Charity will bear fruit, in this and the next world,

If given to such worthy people as these.

All other sacrifices and charities are profitless,

From top to toe, whatever I call my own,

All possessions, I dedicate to these people.

Since Khalsa was dedicated to God there was no place for Khalsa to conform to any past ideology. God does not discriminate, neither does Khalsa. God is just so should Khalsa be. God is fearless, so is Khalsa.

By giving the name Singh and Kaur Guru Gobind Singh eliminated every possibility of Khalsa being IDENTIFIED (by others) as someone other than who they truly were - a godly, humane and non-discriminatory community. Anyone who accepted Guru Nanak's path invariably becomes casteless and non-discriminatory. By accepting the same name Singh and Kaur they COMPLETELY DENIED others from knowing their past identities. It was immaterial. People who had dedicated their lives for the sake of humanity had no place for any past identity. God does not discriminate based on identity or birth. Neither would Khalsa.

It is in this sense that those Sikhs who use Singh and Kaur as their last names are a step ahead of others who don't. They make a statement that not only do we not believe in casteism and other identity (national, family, tribe etc) we also don't INTEND people to relate us to an ideology that we don't believe in. On the other hand a Sikh who does not believe in casteism but uses his last name CANNOT STOP people from identifying his past identity even though he may not believe in it. This is where the difference lies.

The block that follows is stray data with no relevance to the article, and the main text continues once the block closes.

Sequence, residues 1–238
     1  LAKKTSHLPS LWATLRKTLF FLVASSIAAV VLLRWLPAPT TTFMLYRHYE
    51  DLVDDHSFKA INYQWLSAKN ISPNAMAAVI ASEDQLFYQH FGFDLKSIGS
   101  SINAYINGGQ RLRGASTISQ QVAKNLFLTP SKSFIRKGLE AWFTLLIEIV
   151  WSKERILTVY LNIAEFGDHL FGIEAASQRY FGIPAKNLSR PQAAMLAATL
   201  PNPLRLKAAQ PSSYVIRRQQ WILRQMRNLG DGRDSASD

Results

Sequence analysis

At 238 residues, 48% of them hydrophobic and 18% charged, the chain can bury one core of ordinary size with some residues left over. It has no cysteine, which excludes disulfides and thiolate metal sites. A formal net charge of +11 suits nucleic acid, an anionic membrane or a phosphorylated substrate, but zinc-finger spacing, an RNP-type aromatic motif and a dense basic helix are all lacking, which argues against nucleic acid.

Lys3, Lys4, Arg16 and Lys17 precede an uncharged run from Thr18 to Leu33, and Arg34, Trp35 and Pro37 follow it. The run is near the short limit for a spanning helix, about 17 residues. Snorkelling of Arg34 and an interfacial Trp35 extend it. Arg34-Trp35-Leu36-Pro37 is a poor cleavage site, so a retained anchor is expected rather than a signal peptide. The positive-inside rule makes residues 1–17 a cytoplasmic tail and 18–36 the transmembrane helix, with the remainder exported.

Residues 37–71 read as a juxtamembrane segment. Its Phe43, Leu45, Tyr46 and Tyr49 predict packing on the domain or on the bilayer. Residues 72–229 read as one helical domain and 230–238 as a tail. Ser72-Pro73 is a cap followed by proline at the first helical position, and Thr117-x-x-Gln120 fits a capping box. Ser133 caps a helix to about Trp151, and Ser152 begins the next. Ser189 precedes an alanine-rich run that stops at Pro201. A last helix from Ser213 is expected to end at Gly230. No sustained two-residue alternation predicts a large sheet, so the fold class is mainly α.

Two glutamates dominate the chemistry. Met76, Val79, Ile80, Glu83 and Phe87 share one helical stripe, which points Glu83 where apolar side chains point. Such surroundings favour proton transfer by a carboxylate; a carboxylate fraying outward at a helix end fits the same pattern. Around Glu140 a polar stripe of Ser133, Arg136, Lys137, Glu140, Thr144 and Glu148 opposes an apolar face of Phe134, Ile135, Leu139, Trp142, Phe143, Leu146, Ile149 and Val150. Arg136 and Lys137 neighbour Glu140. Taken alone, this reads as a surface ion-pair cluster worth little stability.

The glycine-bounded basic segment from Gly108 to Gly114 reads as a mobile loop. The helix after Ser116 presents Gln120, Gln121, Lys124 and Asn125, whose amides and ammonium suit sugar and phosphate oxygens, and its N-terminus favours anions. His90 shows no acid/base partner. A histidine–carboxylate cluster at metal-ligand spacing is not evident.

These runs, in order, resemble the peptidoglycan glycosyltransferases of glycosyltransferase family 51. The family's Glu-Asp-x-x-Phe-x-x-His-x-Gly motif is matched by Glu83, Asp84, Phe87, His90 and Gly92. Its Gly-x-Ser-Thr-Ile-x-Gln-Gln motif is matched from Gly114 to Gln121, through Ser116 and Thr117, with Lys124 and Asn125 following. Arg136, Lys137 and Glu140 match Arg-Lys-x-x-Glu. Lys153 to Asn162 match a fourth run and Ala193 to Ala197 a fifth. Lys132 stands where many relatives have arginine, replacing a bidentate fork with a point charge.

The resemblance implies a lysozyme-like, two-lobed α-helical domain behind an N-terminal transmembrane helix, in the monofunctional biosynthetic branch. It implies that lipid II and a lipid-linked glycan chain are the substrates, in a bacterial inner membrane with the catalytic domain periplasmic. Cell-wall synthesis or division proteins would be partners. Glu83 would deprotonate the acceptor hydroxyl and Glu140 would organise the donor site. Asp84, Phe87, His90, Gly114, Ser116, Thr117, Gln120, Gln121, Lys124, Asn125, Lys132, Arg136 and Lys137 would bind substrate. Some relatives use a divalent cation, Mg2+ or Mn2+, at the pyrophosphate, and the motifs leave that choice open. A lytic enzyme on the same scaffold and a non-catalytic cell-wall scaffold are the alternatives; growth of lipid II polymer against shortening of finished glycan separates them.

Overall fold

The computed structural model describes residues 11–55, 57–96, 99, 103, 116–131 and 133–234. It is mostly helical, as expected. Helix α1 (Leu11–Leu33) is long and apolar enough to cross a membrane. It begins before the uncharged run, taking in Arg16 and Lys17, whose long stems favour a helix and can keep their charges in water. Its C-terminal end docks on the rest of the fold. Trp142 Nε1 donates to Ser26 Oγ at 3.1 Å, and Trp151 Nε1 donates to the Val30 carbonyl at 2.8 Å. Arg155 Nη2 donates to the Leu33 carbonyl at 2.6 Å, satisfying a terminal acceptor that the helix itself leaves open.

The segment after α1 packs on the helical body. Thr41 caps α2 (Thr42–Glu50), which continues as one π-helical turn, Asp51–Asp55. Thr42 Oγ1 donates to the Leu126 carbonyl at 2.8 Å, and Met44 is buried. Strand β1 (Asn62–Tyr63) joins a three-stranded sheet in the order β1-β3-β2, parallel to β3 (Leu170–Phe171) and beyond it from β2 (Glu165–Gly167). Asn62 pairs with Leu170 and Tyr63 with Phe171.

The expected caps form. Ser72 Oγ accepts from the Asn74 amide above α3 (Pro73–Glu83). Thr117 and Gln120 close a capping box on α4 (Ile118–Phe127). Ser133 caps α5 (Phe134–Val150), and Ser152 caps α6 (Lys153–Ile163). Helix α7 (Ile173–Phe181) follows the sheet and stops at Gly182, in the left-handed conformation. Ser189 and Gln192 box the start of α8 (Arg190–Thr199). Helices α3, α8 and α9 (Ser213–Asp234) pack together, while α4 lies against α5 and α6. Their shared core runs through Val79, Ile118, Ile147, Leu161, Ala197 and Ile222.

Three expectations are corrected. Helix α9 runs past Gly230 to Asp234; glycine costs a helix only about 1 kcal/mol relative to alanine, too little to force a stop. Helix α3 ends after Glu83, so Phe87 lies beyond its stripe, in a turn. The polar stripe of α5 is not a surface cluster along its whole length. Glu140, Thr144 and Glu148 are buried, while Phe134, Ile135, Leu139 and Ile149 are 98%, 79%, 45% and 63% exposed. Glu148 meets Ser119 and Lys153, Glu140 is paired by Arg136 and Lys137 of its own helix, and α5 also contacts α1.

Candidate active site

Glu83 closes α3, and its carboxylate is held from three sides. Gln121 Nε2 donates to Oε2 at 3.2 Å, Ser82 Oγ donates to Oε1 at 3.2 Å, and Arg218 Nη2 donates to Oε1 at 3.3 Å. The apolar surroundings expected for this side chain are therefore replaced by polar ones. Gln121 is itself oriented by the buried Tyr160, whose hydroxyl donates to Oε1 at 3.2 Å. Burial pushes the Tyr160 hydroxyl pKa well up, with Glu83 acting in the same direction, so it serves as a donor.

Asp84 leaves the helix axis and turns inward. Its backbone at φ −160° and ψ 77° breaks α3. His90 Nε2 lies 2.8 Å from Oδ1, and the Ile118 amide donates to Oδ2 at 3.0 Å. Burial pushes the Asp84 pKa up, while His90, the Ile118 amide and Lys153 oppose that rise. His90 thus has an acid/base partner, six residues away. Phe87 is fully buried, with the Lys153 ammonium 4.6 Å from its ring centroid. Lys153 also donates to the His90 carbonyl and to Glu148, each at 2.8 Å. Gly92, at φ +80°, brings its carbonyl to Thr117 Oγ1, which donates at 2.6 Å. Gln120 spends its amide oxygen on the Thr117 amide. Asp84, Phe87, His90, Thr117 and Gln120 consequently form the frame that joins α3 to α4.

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Guest Punjabi Nationalist

Ok, thanks for that article.

I had always thought 'Singh' and 'Kaur' were middle names to identify amritdharis.

Personally, my ethnic identity and family name are important to me.

This may make me less of a Sikh, but im still a believer in God and the path laid down by the Guru's.

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Personally, my ethnic identity and family name are important to me.

This may make me less of a Sikh, but im still a believer in God and the path laid down by the Guru's.

There is no less sikh. It's simple method. If you're Amritdhari then you become part of Khalsa family of Guru Gobind singh ji and two identities are not acceptable, but if you're not then it is acceptable as far as you don't start descriminating on the bases of your ethnic background or take pride and on the other hand call yourself sikh.

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  • 2 weeks later...
Guest Punjabi Nationalist

I was not born a Sikh but consider myself to be so (mona at least) as i enjoy learning about Sikhism and have embraced it as the religion i wish to identify with, learn from and try to make decisions by.

I dont discriminate and think of my culture as any better than other cultures or my ethnicity as being superior etc, but i love Punjab and Punjabiyat, so i guess you could call that personal pride in my culture and ethnicity.

Is that wrong according to Sikhism?

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I was not born a Sikh but consider myself to be so (mona at least) as i enjoy learning about Sikhism and have embraced it as the religion i wish to identify with, learn from and try to make decisions by.